THERAPEUTIC GARDENING AND SELF SUFFICIENCY
The psychological benefits of gardening were highlighted by Kaplan (1972) and many since. The Horticultural Therapy Association of Victoria (HTAV) defines horticultural therapy “as a process of using plants and garden related activities to promote well-being of mind, body and spirit.”
Therapeutic gardens can and do exist in a variety of settings, including women’s refuges (Perkin & Lyn 2000), prisons (Pudup, 2007) refugee detention centres (Christensen, 2004), schools (Hoffman, Knight & Wallach, 2007, Ozen, 2007, Bowker & Tearle, 2006, Dyment & Reid, 2005), and a range of hospitals, including psychological and rehabilitative (Sempik & Aldridge, 2006).
The self sufficiency garden experience could be considered to be empowering by both the act of gardening and its resultant produce. It could be seen as providing some of the security in community food security. Some respondents, involved in organisations with connections or orientations to horticultural therapy were asked to consider what the links to self sufficiency may be.
Chris Reed, manager of the Kevin Heinze Garden Centre, “the oldest and largest existing type in Australia for therapeutic gardening”, asserted that “therapeutic gardens and self-sufficiency go hand in hand.”
He explained further that “self sufficiency and therapeutic gardening are both moderating mental health issues. It has been part of institutions, such as hospitals, and therapeutic gardens go back hundreds of years to the mental health system in Europe. People with mental health problems worked in the gardens growing food for the institution and it was found to also have a therapeutic benefit. It is a type of historic sustainability that has run through to modern times.”
Explaining the centre’s broader community influence, Chris Reed also conferred that “if people with disability can reach a level of sustainability, it shows it should be up to the rest of us too”. Stephen Wells from the Royal Talbot Sensory Garden suggested that “self sufficiency can be about utilising the garden, and the act of gardening in itself is of therapeutic benefit”.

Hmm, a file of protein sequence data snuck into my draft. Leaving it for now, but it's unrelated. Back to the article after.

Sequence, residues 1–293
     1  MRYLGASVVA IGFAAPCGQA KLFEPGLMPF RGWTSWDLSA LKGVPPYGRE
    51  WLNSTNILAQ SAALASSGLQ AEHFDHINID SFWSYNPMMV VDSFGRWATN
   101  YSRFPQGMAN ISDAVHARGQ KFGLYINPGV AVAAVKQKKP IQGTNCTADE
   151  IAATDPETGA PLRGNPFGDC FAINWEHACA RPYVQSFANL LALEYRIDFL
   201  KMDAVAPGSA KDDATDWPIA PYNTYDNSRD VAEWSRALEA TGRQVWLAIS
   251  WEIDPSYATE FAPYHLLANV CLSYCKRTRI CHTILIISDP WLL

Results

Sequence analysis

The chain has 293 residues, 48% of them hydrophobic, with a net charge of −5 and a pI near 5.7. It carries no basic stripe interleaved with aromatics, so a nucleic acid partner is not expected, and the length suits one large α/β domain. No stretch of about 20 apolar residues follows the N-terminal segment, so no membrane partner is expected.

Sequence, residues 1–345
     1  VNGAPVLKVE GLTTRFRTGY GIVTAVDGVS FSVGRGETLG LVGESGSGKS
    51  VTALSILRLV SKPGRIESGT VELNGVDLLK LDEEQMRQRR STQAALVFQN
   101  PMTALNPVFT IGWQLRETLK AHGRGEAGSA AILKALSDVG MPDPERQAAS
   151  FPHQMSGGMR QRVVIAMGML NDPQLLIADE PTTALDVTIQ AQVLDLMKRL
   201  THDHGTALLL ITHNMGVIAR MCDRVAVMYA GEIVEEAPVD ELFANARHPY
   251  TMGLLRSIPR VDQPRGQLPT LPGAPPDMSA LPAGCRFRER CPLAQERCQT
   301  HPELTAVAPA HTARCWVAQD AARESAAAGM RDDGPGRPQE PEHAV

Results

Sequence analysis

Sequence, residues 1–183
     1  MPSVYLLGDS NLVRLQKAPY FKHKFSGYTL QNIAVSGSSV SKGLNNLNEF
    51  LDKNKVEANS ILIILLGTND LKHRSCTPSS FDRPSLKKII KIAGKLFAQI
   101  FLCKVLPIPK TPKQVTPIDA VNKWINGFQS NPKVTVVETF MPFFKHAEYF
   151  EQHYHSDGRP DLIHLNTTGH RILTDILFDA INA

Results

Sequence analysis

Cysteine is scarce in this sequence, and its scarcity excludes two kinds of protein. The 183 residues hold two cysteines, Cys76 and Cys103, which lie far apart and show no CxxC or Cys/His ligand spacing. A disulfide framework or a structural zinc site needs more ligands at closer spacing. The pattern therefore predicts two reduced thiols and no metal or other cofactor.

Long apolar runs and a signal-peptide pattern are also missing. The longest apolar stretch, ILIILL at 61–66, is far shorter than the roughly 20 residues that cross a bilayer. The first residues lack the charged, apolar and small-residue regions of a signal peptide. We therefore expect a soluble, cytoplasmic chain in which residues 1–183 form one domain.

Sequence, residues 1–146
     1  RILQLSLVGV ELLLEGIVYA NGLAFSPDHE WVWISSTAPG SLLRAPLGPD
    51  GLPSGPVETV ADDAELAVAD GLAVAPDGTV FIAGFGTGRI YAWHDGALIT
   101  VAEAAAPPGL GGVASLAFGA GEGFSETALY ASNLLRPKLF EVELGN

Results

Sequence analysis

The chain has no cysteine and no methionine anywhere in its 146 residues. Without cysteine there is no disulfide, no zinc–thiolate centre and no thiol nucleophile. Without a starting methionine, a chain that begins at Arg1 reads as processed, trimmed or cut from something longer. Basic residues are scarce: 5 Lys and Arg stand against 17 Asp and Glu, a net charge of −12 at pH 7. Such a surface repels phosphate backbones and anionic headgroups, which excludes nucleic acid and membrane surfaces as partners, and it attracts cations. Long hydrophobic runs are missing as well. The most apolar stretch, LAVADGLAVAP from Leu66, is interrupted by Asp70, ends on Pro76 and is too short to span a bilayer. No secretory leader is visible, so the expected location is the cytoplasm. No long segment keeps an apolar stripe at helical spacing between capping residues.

John Raynor from Melbourne University, explained that “any plant can have a therapeutic outcome.” However, he also noted that “therapeutically, there is something fundamental about growing your own food, growing, harvesting and collecting, and there is 100 000 years of history to indicate this.”
Gardening expert Jane Edmunson spoke about the social and therapeutic benefits of gardening at the Food Gardeners Alliance forum. She expressed that “people don’t how good gardening is, and how good growing vegies is. It is good for you, it is good for your soul to get your hands dirty. Without it, people lose touch of the seasons. How many people get out, enjoy doing and feeling in the garden? How many hours are pleasurable?”
Australia’s Open Garden Scheme’s Cassie Johnstone summed up that gardeners are
“close to the soil and the land .”